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Organizations it represents and for the THE CONTRIBUTOR. price of subscription charged. A MONTHLY MAGAZINE.

To an extent we have also entertained this opinion, knowing that its columns

did not afford room for the publication of JUNIUS F. WELLS,

many deserving articles handed in, and EDITOR AND PUBLISHER. that it was not equal in extent to others

of our home papers, issued at the same

price. Our excuse has been that the Two Dollars a Year, In Advance.

magazine was in its infancy; only just Single Copy, Twenty Cents. commencing its life, and that we wished

to lay a sure foundation upon which to SALT LAKE CITY, OCTOBER, 1880.

build, that it might become all that could be desired. Not, however, by trying the

first year to do too much, and so exhaust VOLUME TWO.

ourselves that it would be impossible the With the present number the CONTRIB second year to do more. UTOR enters upon its second year. The This policy, we are pleased to state, favor with which it has been received has enabled us to present the first numduring the past, has been most gratifying ber of volume two in a much improved to the publisher. It has shown that such form. The addition of about ten pages a publication was needed and that it has of reading matter, entirely removes the a large field in which to circulate and do objection of its diminutiveness. Its congood. The response of the young ladies tents are now as extensive as those of and gentlemen to the invitation and op any similar magazine published in the portunity extended them to write for West, while the paper, type, and general publication, has been such, as at all times appearence of the publication is not surto supply the editor with suitable copy, passed by any. and at the same time to manifest their The contents, so far as may be foreappreciation of such advantages and told, of this volume, will be of the same their ability to make good use of them. interesting, solid, readable quality that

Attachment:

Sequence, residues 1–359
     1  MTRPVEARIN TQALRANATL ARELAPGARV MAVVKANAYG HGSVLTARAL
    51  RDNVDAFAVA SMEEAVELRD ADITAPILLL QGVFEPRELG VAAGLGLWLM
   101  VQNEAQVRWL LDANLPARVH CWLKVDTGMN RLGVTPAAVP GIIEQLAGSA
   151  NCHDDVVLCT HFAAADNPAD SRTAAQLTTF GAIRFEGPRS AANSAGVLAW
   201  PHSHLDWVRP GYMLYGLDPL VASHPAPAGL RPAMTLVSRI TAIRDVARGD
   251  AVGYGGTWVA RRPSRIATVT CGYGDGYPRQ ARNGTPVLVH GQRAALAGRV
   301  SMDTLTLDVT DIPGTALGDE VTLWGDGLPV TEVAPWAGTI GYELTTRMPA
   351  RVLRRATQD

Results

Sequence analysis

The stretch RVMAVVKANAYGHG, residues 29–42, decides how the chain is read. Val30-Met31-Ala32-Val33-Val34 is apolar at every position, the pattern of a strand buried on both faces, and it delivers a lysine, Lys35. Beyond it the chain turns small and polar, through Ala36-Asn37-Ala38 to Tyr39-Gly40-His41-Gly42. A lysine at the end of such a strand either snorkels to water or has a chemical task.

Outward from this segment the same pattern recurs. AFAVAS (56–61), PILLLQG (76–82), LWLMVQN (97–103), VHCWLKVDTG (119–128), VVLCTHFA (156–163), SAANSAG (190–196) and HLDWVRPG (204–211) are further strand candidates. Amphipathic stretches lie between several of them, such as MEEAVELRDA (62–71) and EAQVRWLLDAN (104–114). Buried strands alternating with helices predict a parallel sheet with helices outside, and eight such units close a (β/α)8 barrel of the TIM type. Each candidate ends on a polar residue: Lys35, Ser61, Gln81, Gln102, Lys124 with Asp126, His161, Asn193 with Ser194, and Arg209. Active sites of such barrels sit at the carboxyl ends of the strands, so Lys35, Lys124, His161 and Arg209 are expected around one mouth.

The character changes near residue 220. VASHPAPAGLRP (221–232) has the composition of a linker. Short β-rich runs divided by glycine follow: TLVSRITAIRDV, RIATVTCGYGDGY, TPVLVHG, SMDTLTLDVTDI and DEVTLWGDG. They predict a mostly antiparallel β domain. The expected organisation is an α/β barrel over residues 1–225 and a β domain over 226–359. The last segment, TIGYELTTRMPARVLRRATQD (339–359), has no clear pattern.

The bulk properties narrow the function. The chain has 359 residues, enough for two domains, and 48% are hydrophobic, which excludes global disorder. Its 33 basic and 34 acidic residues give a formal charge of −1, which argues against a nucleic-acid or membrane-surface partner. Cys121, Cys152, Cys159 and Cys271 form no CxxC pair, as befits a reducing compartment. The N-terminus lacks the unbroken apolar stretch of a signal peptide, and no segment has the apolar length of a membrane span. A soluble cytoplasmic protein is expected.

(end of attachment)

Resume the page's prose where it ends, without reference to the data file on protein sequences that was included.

The voluntary assistance of the officers has made the first volume a success. of the Associations, in canvassing for Elder Moses Thatcher commences a and collecting subscriptions, evinces the historical and descriptive series on interest they take in the publication; the Mexico and the Mexicans, which his appreciative manner in which they have mission to that country and people, enreceived it demonstrates that it is of use ables him to present in a manner most to them, in the work of mutual improve instructive and entertaining, while the ment. It is indeed to be observed that prospective missionary relations of our where Associations take and read the people with the Mexicans, descendants CONTRIBUTOR, their progress is more of ancient Israel, will enhance the inmarked in many particulars than in other terest and profit with which such a series places. Some of the Stake Superintend will be read. ents have stated that from such Associa A number of articles upon the first tions, they receive better and more satis principles of the Gospel will be presentfactory reports than from any others. ed under the heading, Leaves from the